Session guitar players are always in demand. So, what are the qualifications for this work? There is a surprisingly wide variety needed in the session world.
Players who have a great rhythm feel and are creative enough to come up with parts or “hooks” have always worked. Some of the great session players from Motown, LA or Muscle Shoals fall into this category.
Players that are highly versatile and can play multiple styles have many opportunities to record. In my time as a session player, it was my ability to play rock, jazz, country etc that brought in many sessions. I often didn’t know what style I would be playing until I walked into the studio.
Specialists such as great country players or rock players or jazz players can only work the sessions that call for their specialty. Versatility is not as important if you’re working in a specific market that needs your specific style. Smaller markets favor the versatile players.
A traditional skill for traditional studio players is reading.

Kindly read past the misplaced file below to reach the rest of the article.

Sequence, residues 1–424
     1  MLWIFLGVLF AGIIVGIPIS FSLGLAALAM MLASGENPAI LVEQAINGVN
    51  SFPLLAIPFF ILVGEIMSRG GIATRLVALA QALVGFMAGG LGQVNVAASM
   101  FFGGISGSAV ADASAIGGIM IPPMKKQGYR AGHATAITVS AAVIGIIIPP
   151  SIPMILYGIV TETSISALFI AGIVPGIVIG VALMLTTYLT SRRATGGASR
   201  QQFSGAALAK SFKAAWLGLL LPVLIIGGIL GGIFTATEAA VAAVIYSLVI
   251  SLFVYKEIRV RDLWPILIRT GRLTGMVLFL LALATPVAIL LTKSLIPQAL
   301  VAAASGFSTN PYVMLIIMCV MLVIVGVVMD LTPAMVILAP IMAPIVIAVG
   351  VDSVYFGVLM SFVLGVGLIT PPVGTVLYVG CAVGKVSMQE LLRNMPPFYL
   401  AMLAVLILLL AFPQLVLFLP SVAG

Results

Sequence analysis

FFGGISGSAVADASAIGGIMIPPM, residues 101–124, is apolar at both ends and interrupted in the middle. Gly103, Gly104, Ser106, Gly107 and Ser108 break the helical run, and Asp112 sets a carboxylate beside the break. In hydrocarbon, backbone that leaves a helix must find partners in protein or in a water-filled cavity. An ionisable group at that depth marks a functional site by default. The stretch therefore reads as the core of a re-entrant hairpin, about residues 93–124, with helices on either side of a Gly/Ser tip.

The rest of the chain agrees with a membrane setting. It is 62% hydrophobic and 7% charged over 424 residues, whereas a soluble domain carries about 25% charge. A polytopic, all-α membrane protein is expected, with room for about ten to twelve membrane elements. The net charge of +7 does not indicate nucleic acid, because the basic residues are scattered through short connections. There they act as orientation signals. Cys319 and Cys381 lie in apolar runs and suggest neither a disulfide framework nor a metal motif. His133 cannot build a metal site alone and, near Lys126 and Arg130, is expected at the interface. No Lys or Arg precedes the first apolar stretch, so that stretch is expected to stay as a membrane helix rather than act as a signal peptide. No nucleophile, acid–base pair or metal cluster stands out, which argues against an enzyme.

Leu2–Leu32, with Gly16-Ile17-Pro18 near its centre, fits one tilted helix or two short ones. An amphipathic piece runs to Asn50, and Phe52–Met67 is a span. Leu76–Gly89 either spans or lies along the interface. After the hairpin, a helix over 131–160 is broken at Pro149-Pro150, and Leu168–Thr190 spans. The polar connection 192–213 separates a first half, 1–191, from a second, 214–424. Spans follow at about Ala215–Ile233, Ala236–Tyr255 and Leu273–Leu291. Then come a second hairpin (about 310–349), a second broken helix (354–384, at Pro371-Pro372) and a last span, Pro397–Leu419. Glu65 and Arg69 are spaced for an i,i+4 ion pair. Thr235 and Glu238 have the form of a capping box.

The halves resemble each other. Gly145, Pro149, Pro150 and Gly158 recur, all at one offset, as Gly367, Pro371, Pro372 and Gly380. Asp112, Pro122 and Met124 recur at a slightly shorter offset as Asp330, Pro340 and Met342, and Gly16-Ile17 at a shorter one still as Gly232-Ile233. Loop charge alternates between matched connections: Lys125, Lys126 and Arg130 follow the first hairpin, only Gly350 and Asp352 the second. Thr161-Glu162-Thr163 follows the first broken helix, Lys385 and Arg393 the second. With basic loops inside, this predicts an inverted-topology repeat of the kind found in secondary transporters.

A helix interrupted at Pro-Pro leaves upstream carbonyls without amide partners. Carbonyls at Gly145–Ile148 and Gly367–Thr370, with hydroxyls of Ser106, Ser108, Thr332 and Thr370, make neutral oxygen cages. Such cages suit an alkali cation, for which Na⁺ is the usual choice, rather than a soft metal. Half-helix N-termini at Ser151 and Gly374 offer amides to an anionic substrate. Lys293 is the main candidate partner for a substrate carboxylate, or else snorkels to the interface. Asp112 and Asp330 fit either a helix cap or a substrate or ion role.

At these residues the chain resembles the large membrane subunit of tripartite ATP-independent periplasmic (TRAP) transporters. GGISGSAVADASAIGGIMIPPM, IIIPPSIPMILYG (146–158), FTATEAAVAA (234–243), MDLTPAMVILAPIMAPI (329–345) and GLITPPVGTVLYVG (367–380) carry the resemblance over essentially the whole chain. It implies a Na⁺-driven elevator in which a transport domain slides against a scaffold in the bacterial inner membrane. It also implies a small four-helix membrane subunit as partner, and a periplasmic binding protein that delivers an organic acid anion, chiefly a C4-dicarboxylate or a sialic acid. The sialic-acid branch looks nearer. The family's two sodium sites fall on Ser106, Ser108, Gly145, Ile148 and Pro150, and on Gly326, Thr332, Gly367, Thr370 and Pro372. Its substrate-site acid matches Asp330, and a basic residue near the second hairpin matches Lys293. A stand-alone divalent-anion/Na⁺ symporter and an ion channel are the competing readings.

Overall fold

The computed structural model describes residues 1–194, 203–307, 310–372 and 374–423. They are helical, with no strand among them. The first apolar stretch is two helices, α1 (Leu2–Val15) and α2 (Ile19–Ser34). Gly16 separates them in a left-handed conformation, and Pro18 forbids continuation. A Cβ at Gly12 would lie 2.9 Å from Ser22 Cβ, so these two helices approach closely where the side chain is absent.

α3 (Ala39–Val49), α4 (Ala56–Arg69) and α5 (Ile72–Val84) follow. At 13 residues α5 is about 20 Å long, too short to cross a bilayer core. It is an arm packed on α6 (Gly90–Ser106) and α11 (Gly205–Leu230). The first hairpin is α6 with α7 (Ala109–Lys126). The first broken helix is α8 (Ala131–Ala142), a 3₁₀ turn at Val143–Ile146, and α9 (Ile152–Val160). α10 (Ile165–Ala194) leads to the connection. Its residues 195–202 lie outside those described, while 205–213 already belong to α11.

This is an area where we lose many players. As mentioned before, only 15% of guitar players read at the level expected of other musicians. I actually suspect that the number is even lower than that. But if reading is necessary for a given session, you can’t fake your way through it. You have to read!
Reading is a very important skill in jingle work, TV, game and film recording. Film music is at the top of the list in potential difficulty for the reading guitarist.
As in all industries, there is great latitude in session work. If the producer is a friend, he or she may very well overlook limitations and the requirements won’t be as stringent.
As a general rule, if you want session work, develop as many skills and as much versatility as you can. This will dramatically improve your chances to have a successful studio career!